Molly Dektar

“I recommend trying to write a set number of words each day, rather than for a set period of time. ‘The muse visits during the act of creation, not before,’ said Roger Ebert, a quote I found in Jami Attenberg’s TinyLetter newsletter. I also find it helpful to write in a bunch of different moods and physical states. I like writing (and writing can be just looking at a draft, adding a few words in the margins) early in the morning, or as I’m falling asleep—on the train, at work, in class, crying, euphoric, inebriated, or sick. Sometimes your mind needs to be in a different place, as if you are another person. It’s sort of like putting your work away in a drawer and coming back to it in a couple of years, which is Zadie Smith’s advice. Similarly, I enjoy writing with different kinds of pens and pencils on different kinds of paper (an idea from my poet friend David), and when I can’t go to a museum, I like going to Sephora and spraying on all kinds of perfume. (They’ll give you a free tiny squirt bottle sample of anything you want.) Activating my senses and becoming someone else for a moment helps wear down some of the usual judgmental thoughts of my work, and gives me the courage to put down more words.”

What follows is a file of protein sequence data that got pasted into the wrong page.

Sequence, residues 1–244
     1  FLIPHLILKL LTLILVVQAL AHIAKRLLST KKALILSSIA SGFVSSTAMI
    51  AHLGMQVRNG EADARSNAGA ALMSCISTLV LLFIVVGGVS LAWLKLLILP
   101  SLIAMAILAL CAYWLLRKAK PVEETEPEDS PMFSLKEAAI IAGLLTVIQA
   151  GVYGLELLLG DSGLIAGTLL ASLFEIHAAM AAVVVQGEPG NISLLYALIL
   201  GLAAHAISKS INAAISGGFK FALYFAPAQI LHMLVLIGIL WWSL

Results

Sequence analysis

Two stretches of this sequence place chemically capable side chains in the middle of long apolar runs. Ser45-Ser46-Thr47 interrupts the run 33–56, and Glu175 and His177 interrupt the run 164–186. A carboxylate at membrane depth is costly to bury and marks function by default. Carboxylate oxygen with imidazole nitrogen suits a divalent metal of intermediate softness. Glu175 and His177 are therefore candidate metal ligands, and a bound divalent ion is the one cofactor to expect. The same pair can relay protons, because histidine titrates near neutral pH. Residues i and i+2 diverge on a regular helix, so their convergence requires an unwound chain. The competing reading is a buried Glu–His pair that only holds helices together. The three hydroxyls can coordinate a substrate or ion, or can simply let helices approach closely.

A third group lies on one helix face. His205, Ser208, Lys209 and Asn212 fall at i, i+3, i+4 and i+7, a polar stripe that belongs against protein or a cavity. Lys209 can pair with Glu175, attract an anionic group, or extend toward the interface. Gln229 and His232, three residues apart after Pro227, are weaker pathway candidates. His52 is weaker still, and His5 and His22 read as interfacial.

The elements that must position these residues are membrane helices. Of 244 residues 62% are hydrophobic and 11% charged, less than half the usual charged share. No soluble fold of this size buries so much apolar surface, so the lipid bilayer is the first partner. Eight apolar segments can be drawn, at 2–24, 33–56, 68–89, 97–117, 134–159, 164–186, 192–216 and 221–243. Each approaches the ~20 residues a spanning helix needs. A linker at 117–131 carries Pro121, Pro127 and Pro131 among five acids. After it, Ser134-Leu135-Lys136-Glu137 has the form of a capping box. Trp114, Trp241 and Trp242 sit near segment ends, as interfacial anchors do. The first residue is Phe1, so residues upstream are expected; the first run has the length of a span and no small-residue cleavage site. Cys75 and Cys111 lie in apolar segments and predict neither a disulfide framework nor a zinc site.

—Molly Dektar, author of The Ash Family (Simon & Schuster, 2019)

Writer Photo: 
Writer Photo Credit: 
Julian Gewirtz
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  • April 11, 2019